Cree Maintains Ramp Despite Taiwan Slump
Cree will upgrade all of its leading LED products to 4-inch diameter SiC substrates by June 2009, even as Taiwanese chip makers complain of overcapacity.
This comes as the company increased revenue from its first fiscal quarter 2009, ended September 28, by 24 percent over the same time last year to $140.4 million.
Sales of high-output XLamp packaged LEDs continue to expand at more than 10 percent each quarter. Demand for LR6 general illumination downlights, which each feature twelve XLamps, was so great that supplies failed to keep up.
Consequently Cree will spend up to $18 million increasing output and efficiency at its Durham, North Carolina, headquarters, and Huizhou, China, sites. This includes enabling more facilities to accommodate larger wafer diameters than the current 2-inch standard.
“We remain focused on activities to help improve margins over the next year, including the transition of LED chip production to 4-inch wafers," said CEO Chuck Swoboda.
“We re on track to have pretty much all the major product lines fully converted by end of fiscal year."
The latest quarter s sales generated $5.9 million in profit, down from $8.4 million in the previous period. However these continued profits, and revenues that are expected to exceed $142 million next quarter, appear to validate the company's focus on LEDs for lighting.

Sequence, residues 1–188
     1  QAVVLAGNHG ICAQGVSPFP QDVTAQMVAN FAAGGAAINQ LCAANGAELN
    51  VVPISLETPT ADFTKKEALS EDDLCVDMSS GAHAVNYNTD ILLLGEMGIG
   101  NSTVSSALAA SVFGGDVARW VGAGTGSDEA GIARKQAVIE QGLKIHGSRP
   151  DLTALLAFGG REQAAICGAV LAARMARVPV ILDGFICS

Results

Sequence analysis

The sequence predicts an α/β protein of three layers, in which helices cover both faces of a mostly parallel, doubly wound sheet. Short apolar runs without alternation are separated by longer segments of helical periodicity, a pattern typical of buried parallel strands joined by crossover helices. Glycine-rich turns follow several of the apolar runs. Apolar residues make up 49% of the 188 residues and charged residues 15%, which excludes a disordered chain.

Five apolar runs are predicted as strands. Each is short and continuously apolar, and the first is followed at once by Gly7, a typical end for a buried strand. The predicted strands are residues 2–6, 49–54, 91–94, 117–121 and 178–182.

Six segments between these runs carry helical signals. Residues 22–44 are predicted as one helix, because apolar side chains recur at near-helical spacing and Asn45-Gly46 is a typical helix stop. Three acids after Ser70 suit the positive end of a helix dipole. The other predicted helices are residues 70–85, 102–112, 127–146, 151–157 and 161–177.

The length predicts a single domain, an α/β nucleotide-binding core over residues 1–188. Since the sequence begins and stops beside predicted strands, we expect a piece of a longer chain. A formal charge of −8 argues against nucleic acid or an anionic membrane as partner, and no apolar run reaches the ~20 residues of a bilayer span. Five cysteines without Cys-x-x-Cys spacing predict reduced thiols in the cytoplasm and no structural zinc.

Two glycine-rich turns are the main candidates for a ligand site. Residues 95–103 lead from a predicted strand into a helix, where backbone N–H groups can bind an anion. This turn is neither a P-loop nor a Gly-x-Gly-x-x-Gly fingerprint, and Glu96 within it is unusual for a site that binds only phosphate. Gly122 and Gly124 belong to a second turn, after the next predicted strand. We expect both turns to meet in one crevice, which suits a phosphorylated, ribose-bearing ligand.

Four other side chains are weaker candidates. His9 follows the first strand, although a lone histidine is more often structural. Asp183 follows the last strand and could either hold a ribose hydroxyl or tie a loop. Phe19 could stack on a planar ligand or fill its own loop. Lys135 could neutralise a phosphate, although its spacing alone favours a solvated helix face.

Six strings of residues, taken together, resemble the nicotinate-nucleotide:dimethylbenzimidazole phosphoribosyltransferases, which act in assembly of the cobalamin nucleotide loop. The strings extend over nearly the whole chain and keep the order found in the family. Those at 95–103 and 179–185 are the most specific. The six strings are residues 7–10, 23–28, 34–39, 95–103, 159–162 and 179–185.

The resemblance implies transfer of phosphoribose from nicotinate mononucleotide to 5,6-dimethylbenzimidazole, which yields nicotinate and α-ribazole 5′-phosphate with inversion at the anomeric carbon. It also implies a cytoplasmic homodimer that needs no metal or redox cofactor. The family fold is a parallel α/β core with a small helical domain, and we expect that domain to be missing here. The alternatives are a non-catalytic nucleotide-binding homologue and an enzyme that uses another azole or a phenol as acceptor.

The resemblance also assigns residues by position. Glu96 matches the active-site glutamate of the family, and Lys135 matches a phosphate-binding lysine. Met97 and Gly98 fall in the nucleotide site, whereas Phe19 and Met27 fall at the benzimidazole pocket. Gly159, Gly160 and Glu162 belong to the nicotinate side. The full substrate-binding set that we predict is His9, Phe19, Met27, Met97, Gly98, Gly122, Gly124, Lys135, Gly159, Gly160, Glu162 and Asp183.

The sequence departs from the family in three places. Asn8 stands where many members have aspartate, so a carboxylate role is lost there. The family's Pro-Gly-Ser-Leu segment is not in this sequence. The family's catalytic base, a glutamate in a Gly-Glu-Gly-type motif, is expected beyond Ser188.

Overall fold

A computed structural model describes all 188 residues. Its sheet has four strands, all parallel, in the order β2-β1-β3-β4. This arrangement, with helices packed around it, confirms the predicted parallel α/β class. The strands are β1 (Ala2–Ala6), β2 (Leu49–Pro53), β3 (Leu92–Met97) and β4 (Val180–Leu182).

Leading LED performance
The GaN chip-making industry has seen a great deal of investment in production facilities over the past year, driven by general lighting and backlighting for flat-panel displays.
This expansion has centered on Taiwanese companies but, according to Swoboda, these firms are now struggling to compete with Cree s advanced and aggressively patent-protected technology.
“There is definitely excess capacity in Taiwan right now," he said. “They re clearly having trouble accessing certain markets, either from a performance or an intellectual property standpoint."
Swoboda says Cree s superior technology has shielded it from the current economic downturn that is being felt by its Taiwanese competitors.
“They are reporting pretty big declines," says Swoboda, “both month-to-month and year-over-year, at least in the most recent data. Their business is more linked to the consumer segment, so I think they ve seen the impact more than we have at this point."